The International Health, Racquet and Sportsclub Association (IHRSA), the trade association of the fitness industry, reports that of the 54.1 million people that had a membership to a health or fitness club in 2014, 42 percent were members of a studio. While some of these individuals held multiple memberships (most often a traditional gym coupled with a studio), the number of studios opened in 2014 showed a 200-percent increase from the previous year. When comparing this to only a seven-percent increase in the number of new gyms that were opened, it suggests that the industry is shifting away from traditional big-box chains. In short: studio business is booming.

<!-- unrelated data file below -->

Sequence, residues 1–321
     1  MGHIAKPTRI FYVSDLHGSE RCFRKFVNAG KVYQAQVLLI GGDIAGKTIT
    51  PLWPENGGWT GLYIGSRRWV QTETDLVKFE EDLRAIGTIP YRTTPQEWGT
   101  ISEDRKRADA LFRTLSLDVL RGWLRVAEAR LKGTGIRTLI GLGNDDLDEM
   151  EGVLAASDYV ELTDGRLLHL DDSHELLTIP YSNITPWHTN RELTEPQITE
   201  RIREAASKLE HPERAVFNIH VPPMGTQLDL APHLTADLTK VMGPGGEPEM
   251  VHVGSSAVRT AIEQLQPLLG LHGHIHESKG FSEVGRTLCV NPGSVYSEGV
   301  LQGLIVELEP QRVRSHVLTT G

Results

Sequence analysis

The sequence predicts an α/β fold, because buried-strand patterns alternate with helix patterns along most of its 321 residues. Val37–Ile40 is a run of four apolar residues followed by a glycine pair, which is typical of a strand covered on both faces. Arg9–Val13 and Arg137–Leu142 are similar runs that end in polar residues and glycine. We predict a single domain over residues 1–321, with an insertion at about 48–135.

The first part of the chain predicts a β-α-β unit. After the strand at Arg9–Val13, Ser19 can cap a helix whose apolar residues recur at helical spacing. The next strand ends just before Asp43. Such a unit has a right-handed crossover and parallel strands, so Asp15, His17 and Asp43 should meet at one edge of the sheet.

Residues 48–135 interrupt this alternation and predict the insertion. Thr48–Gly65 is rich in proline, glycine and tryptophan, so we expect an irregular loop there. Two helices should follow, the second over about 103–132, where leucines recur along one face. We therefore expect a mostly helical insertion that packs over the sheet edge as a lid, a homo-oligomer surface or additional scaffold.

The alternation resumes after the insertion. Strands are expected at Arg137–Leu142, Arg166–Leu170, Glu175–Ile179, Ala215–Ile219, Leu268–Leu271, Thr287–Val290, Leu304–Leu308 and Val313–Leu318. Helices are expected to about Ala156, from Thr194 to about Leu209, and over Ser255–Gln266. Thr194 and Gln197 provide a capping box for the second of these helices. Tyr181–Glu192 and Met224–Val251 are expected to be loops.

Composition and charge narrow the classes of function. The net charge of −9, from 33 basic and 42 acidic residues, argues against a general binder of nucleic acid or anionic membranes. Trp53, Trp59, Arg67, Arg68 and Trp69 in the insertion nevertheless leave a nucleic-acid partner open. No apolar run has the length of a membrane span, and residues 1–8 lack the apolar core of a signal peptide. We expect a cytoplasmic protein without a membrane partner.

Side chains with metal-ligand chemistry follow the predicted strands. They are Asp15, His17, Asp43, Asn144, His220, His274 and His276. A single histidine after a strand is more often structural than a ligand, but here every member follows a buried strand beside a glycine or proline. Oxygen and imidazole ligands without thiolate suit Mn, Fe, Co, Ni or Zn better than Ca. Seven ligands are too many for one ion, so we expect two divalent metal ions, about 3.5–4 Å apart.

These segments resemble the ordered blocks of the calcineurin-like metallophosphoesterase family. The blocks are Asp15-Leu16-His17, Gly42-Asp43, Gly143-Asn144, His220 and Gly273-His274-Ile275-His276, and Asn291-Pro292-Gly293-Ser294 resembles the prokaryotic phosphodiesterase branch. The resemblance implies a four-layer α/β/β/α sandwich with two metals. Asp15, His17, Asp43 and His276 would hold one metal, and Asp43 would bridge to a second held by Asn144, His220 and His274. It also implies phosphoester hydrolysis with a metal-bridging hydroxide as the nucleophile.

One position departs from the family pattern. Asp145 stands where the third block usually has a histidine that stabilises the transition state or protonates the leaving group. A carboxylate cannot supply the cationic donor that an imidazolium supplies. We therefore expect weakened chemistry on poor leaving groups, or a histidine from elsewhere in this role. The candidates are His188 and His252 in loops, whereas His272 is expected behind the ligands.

It’s Personal

The need for personalization is exactly what Payal Kadakia was banking on when she founded ClassPass in 2013. (Note: I am a longtime member of ClassPass and love my membership.) The business model of ClassPlass is brilliant in its simplicity: members pay a monthly fee (around $99/month), which allows them to book classes through the ClassPass app or website at hundreds of studios and gyms in their area (in The Netherlands we have OneFit Unlimited -Red. CP). Its growth has been nothing short of explosive. In 2014, ClassPass was in two cities and had 200 studio partners; today it is in 36 cities with more than 7,000 studios participating. Kadakia attributes the success of ClassPass to filling a void that was missing in traditional gyms — choice and flexibility. “Our platform makes fitting fitness into your schedule really easy as opposed to making a big commitment with little variety,” she says. “It’s also really motivating! So many of our members express that they’re perspective has changed — that they look forward to getting up and going to class as opposed to dreading to have to fit in a workout.”